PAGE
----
England’s Triumph and the UEFA Nations League Explained
Just like me, many folks haven’t gotten the full hang of this UEFA Nations League tournament but I use it as a good opportunity to watch some quality international football, as European nations field their best sides with the aim of qualifying and avoiding relegation (yes, I’m still confused on how it works but bleh).
Ok, there’s Wikipedia right. Aha! It says that there are four leagues (A – D) which are assigned based on the UEFA national teams coefficients but from this tournament, things are going to change. “League A” serves as the elite league in the competition with each league having four groups of three teams each. The winners of each of the groups in League A qualify to the Nations League finals, which is a semifinal clash between the four group winners of League A, while the last placed teams in League A are relegated to League B, with their places taken by the four group winners in League B. Same way there are promotions and relegations in League C and League D.
Germany for instance, were the highest ranked team in the competition with a coefficient of 40,747, so they were the seeded team in Group 1. The other seeded teams in League A were Portugal (38,655), Belgium (38,123) and Spain (37,311). This meant that they were going to be paired with Pot 2 League A teams like France (36,617), England (36,231), Switzerland (34,986) and Italy (34,426). The teams in the League Pot 3 were Poland (32,982), Iceland (31,155), Croatia (31,139) and the Netherlands (29,866). From these 12 teams, four groups of three teams were formed.
Thanks to Germany’s recent shitty form, they are currently last in their group behind France and the Netherlands which essentially means that they can be potentially relegated to League B, even though they still have a home clash with Holland and an away clash with France to go. Two League A teams have confirmed their relegations to League B, with Iceland suffering three defeats and a whopping -10 goal difference from their clashes with Belgium and Switzerland as well as Poland, whose last gasp defeat to Italy in their home turf sealed their fate. So this essentially means that we will not see the Viking clappers and Robert Lewandowski’s cohorts till they get promotion from League B in the 2020/21 season.
Now that you’ve gotten the drift of how the UEFA Nations League works, let’s talk about last night. Or wait, let’s step back a bit – remember when Spain made a 1,000 passes against Russia and still crashed out on penalties at the World Cup? Or when their then manager, Julen Lopetegui, wanted to literally eat his cake and have it? The nation that has given so much to the beautiful game was a far cry of the dominant force they used to be. Suffering elimination at the Round of 16 stage of both the World Cup and European Championship was not something you’d associate with Spain but the appointment of Luis Enrique as the head coach was certainly a step in the right direction.
In his first two matches of the Nations League, he defeated England in their coveted Wembley ground and made light work of the World Cup finalists, Croatia, so when the Three Lions arrived in Seville for their second leg clash with Spain, confidence was certainly high from the home team.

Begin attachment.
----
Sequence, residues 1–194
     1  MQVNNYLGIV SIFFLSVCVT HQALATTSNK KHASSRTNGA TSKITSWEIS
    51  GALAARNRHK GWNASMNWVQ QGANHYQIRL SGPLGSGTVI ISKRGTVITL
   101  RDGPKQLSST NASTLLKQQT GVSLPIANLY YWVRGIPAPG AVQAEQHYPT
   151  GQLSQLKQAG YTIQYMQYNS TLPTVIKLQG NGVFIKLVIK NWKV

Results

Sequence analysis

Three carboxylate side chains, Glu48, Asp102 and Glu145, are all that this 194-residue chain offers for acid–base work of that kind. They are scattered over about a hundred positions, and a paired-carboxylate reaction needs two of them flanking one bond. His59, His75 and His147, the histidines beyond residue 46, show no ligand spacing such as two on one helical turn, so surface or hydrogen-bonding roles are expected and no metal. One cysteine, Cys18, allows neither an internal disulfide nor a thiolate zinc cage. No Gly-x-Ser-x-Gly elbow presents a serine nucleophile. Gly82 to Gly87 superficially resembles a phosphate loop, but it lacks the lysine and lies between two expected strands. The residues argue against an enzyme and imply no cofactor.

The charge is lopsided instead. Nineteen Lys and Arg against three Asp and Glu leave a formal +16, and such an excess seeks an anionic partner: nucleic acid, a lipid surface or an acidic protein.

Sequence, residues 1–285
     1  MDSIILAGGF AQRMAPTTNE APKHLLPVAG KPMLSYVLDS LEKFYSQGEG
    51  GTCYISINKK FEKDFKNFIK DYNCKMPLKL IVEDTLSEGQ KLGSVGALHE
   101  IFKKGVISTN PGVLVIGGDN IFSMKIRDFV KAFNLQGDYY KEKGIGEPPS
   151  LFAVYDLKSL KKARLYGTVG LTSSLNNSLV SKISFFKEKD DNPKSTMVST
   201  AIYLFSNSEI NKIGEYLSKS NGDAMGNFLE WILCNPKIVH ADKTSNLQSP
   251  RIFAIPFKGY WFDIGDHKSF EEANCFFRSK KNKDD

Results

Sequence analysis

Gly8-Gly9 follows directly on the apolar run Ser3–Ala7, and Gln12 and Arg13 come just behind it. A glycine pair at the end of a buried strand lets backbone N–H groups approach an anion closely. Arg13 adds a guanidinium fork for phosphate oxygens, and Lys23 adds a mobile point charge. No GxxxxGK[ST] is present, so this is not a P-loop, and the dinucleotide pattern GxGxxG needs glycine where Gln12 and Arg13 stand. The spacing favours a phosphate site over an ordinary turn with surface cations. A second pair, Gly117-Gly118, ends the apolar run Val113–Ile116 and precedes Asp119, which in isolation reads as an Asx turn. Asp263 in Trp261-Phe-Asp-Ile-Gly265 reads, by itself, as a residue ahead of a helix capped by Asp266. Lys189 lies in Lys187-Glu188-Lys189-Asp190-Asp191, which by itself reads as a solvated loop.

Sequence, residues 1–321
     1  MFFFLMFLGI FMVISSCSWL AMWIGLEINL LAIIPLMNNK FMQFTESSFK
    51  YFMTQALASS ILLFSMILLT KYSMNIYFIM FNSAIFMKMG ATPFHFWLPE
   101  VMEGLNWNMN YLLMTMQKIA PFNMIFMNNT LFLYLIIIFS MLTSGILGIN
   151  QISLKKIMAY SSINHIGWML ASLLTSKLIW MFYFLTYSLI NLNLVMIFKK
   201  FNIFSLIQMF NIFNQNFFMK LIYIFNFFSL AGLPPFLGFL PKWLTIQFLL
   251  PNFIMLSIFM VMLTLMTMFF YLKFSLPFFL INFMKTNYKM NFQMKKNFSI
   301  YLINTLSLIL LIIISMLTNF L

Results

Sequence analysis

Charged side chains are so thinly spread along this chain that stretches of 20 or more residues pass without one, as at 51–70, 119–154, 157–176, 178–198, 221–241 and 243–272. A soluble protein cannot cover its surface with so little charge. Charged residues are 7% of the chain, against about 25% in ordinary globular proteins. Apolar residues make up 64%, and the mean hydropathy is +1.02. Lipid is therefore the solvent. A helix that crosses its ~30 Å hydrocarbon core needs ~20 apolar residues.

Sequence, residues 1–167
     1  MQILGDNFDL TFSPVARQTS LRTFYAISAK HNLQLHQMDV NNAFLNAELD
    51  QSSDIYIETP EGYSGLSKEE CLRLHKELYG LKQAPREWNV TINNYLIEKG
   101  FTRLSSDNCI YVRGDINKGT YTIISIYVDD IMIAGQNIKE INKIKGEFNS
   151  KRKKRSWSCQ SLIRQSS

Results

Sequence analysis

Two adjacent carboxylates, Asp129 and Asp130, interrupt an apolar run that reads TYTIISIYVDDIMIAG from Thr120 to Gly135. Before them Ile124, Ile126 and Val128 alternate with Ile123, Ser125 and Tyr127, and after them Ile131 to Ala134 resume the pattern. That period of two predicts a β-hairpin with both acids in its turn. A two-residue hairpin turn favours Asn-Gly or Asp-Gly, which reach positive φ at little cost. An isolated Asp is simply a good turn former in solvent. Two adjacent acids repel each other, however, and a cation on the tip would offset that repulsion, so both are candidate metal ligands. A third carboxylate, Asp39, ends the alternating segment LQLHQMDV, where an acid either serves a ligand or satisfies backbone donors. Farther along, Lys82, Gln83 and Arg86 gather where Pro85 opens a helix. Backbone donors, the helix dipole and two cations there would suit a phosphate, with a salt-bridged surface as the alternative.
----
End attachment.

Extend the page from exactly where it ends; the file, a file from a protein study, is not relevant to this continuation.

What we witnessed, in the first 45 minutes at least, was a masterclass from England that coincided with a shitefest from Spain. Marcus Rashford found Raheem Sterling at the edge of the area with only David de Gea to beat and the Manchester City forward finished aplomb with a belter that left the Manchester United goalie flat footed. This was followed by a lovely Rashford goal that came to fruition from a lovely Harry Kane pass. De Gea again was found wanting as his Man Utd teammate dispatched the ball past him with consummate ease. Two goals became three when Ross Barkley’s dink over the top to Kane was laid on a platter for Sterling to allow him score his second of the night and put England three goals up in Andalusia. The home crowd were certainly stunned as you’d expect but I can’t take anything from what was a brilliant England team performance.
The second half saw Spain go for broke and who would blame them? Losing 3-0 at home wasn’t going to go down well with the Spanish faithful, so the boss summoned the red hot Paco Alcacer and Dani Ceballos to contribute to an attack that was barraging England. Gareth Southgate’s response was to bring on Kyle Walker and switch to a back three. I wasn’t really convinced by Walker playing as a center back in the World Cup but my only managerial experience is at Football Manager level, so I can’t really question a man that finished in fourth place in the World Cup, can I?
Anyways, Alcacer reacted well to a beautiful Marco Asensio inswinger and Jordan Pickford couldn’t do anything to save such a lovely header. It was just 3-1 and certainly not enough. The onslaught from the home side continued that English lads put up a valiant show at the back. Finally, they cracked in the 97th minute from a Sergio Ramos header, but it was also the last moment of the game as the Polish ref blew his whistle afterwards. A largely entertaining game in every sense of the word.
This result put England with two points behind Spain, and it’s now evident that Croatia holds the key to the destiny of that group. Luka Modric’s army have two games left – against Spain and England, and if they win both, they will finish the group in an astonishing seven points, above Spain that has six and England with four. However, if Spain manages to get a draw against Croatia, they will relegate them to League B and earn a place in the semifinals.
No pressure lads.
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